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Source: Encyclopedia of Banking & Finance (9h Edition) by Charles J Woelfel
(We recommend this as work of authority.)

Buying a specified item - whether FOREIGN EXCHANGE, stocks bonds, gold or silver bullion, bills of exchange, and less frequently grains and other commodities - or its equivalent in one market and simultaneously selling it for its equivalent in the same market, or in other markets, for the differential or spread prevailing at least temporarily because of conditions particular to each market.

Profits through arbitrage would be impossible if the prices of the currencies, commodities, or securities traded in were adjusted to exact parties.  Through the operation of world markets, there is an international price level for the principal commodities, foreign currencies, and international securities.  Each local market, however, such as New York or London, is affected by temporary disturbances and conditions, which will result in prices, after allowing for costs of transactions required in arbitrage, out of equivalence or parity.  When permitted by exchange restrictions and regulations, therefore, successful arbitrage transactions in foreign exchange consist of buying (or going long) in the weak market and simultaneously selling (technically going short, with delivery from the long position) in the strong market.  Besides permissive exchange regulations or complete freedom of exchange transactions, exchange arbitrage also depends upon efficient telegraphic or cable connections between the markets operated in, a knowledge of international price movements, capacity to make rapid computations in order to take advantage of frequently very temporary price conditions, and, finally, a large capital, because arbitrage profits are small in comparison with the amount of money involved.  Arbitrage houses in widely separated markets must be in constant communication and keep each other informed on market prices and trends.  Arbitrage transactions between two houses are usually conducted on a joint account basis, profits being equally divided between the engaging parties.

Foreign Exchange. 

Simple two-point arbitrage in foreign exchange may be illustrated by the following example.  Suppose that sterling is selling in New York at $2.395, but is available at $2.39 in London.  The arbitrage would be effected by selling sterling in New York for $2.395 and having a London bank or foreign exchange firm sell dollars in London for $2.39, to obtain the sterling needed for delivery in New York.  The gross profit ($0.05 per pound sterling) would be significant on a substantial transaction.  Such arbitrage transactions usually occur on the basis of cable rates, which are spot prices not tying up funds in forward or future funds.  The selling in the strong market would tend to lower prices there, and the buying in the weak market would tend to raise prices there, thereby tending to restore equivalence in rates.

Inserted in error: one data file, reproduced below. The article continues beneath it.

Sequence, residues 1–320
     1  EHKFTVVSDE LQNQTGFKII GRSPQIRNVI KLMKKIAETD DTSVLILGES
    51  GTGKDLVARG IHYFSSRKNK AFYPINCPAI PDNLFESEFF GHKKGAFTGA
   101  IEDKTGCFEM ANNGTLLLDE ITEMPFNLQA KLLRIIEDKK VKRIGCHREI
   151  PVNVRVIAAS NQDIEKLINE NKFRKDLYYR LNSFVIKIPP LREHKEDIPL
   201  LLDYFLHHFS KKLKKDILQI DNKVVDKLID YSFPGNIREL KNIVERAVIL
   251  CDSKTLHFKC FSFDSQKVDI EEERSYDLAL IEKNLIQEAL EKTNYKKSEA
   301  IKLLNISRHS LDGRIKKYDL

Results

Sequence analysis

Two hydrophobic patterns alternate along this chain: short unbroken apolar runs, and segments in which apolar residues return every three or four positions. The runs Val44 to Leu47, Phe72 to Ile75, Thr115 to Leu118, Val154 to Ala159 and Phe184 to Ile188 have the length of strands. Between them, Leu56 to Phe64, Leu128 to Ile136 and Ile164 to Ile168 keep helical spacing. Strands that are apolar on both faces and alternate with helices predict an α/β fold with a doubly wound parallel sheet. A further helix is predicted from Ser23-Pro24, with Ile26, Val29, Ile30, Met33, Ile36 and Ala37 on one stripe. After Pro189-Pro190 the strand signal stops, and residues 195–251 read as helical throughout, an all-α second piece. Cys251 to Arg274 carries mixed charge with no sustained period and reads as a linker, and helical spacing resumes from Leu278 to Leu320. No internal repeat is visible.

Three-point arbitrage may be illustrated by the following.  Situation:  cable rate on pounds in New York, $2.40; Canadian dollars in New York, $1.00; cable rate on pounds in Toronto, $2.38.  Action:  sell pounds in New York for $2.40, buy $2.40 of Canadian dollars; then buy pounds in Toronto, costing only $2.38.  Net result:  $0.02 per pound profit, gross.

Arbitrage in Securities.  

Security arbitrage may occur in stock rights, convertible securities, exchange offers, reorganizations, mergers, and consolidations, both within one market and in multiple markets.  Arbitrage in securities "dually listed" (traded in on more than one registered national securities exchange) may also occur between different domestic exchanges, as well as in international securities markets.

Arbitrage in corporate takeovers, which have been numerous in recent years, typically takes the form of buying the acquiree's stock upon announcement of the definite intention of the acquirer corporation to acquire the acquiree and selling short the stock of the acquirer corporation.  Such arbitrage is particularly likely if the acquirer corporation has "sweetened up" the offer for the acquiree above previously prevailing market prices or upon encountering competition for the takeover or regulatory or acquiree demurrer further sweetens up the offer.  The risk is that the acquisition might nevertheless fail to occur.  The speculation for takeover arbitrage nevertheless fail to occur.  The speculation for takeover arbitrage profits in recent years has been so high that in 1981 mere rumors of an acquisition offer for an oil company which did not materialize, led stampeding speculators to run the oil company's stock to excessive levels from which it plummeted with a decline of 37.25 points in one day.  Reliable information and prompt action, as well as hedging methods (just in case the acquisition does not go through) to protect the arbitrage itself, such as use of options, are of the essence for professional arbitrageurs.

Arbitrage in the Money Market.  

The money market may also abound in opportunities for arbitrage, including such situations as yield spreads, yield patterns, and interest rate changes.

From an economic standpoint, the effect of arbitrage dealings is to correct maladjustments in the prices of foreign exchange, or securities, or commodities.  It is a force tending to equalize, i.e., establish parties among markets for the same item through competition of arbitrageurs.  For instance, when prices in one market tend to sag, advance until the equilibrium is restored.  Conversely, when the prices tend to advance out of line, arbitrageurs will offer freely, until prices recede to the level called for by equivalence.


BALLARD, F.L., JR., ABCs of Arbitrage, 1988.
WERSWEILLEN, R., ed. Arbitrage, 1987.

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